A few days ago, the folks at comScore released their July Media Metrix report, which includes monthly rankings for the top fifty domestic online properties based on unique users in the United States.
This time, however, something was different.
A shift in power?
For the first time since May 2011, Google (NASDAQ: GOOG ) didn't top the list.
Instead, Yahoo! (NASDAQ: YHOO ) took home the gold, with over 196.5 million unique visitors in July. Google nabbed a close second, with just over 192.2 million. Meanwhile, Microsoft (NASDAQ: MSFT ) came in third, with roughly 179.6 million U.S. visitors, and Facebook (NASDAQ: FB ) rounded out a distant fourth, with around 142.3 million.
Even more impressive, while this list includes all subsidiary sites owned by the aforementioned companies -- which notably includes Google's ridiculously popular YouTube video sharing site -- it doesn't take into account Yahoo!'s $1.1 billion all-cash acquisition of Tumblr.com, which was announced in May and closed in late June.
Incidentally, with just under 38.4 million unique U.S. users, Tumblr itself appears on comScore's list at a perfectly respectable 28th place.
All in all, it would appear CEO Marissa Mayer's tireless efforts to incorporate Yahoo.com into the habits of users' everyday lives are largely taking hold.
One big caveat
That said, these numbers also contain one big caveat: Mobile users aren't included -- and for those of you keeping track, mobile remains an area in which Yahoo! has largely lagged Google, thanks primarily to Big G's smartphone dominance, which is propelled by Android and last year's $12.5 billion acquisition of Motorola Mobility.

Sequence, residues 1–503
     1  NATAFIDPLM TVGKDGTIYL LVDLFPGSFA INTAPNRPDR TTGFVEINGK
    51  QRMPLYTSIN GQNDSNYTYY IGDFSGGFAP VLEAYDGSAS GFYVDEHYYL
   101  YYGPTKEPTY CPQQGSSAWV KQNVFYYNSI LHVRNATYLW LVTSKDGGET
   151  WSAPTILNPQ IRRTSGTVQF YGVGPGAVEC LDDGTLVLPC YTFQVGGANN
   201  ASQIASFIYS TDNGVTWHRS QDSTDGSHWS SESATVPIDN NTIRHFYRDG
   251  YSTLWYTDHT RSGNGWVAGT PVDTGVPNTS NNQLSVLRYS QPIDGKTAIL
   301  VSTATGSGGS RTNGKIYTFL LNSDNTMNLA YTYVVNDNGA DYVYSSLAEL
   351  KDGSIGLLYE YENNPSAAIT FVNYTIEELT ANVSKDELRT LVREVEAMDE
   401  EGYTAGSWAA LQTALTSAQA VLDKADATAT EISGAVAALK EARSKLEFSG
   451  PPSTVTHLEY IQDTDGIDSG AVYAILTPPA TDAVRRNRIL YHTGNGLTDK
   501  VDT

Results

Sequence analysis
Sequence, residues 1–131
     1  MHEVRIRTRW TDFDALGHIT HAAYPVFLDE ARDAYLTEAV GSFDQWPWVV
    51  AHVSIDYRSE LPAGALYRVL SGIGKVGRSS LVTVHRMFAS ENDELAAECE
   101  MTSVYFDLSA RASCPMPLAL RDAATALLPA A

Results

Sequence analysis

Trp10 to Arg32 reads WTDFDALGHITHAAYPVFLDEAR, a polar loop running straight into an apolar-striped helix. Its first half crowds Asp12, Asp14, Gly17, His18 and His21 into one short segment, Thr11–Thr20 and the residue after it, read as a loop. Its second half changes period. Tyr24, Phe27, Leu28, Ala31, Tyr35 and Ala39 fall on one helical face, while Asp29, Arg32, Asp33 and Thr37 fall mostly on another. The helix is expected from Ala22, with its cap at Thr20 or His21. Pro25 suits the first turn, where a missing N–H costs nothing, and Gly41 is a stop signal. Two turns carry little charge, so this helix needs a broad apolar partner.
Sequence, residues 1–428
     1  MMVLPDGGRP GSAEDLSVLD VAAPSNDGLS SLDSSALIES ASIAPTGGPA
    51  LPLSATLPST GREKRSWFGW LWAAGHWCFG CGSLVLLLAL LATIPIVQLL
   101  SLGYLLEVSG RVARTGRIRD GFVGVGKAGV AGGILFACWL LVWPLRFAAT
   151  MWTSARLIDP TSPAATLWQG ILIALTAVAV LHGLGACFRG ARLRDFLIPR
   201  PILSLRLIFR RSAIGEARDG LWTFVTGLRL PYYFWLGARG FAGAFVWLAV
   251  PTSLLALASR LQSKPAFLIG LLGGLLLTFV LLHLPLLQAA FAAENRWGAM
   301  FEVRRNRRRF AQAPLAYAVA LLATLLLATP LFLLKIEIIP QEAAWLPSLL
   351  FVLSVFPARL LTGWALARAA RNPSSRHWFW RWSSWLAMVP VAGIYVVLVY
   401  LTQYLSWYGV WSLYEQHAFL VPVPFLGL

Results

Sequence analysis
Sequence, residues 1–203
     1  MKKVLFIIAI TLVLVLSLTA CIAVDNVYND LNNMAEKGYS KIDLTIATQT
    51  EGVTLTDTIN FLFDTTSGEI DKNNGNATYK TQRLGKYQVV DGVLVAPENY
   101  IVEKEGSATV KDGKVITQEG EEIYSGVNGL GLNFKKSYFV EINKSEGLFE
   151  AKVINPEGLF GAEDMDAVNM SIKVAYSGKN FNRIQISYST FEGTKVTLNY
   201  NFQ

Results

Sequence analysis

What's more, though Microsoft has also floundered badly with its overall mobile strategy (see No. 1 blunder here), Facebook rose 15% last quarter after it told investors mobile users not only accounted for more than two-thirds of their total active monthly user base, but also were responsible around 30% of the company's total advertising revenue. All told, given the immense opportunity going forward in mobile, that's why shares of Facebook have risen by more than half so far this year, exceeding their "lofty" IPO price.
As a result, I can't help but worry that Yahoo! isn't putting enough focus on growing its increasingly important mobile user base.
But don't get me wrong; I don't want to completely undermine the importance of what Mayer -- who herself is a former 13-year-veteran at Google -- has achieved in a business that was formerly losing ground in seemingly every area in which it participated. After all, Mayer only took the helm of Yahoo! a little over two years ago, and you can bet she knows all too well it'll take more than a few years to right Yahoo!'s previous wrongs.
But who knows? If Yahoo! can prove July's numbers aren't a one-off event, and also manage to ultimately translate this success to building its mobile offerings, this could be start of a long, hugely profitable story of a company many had thought could never regain its former Internet glory.
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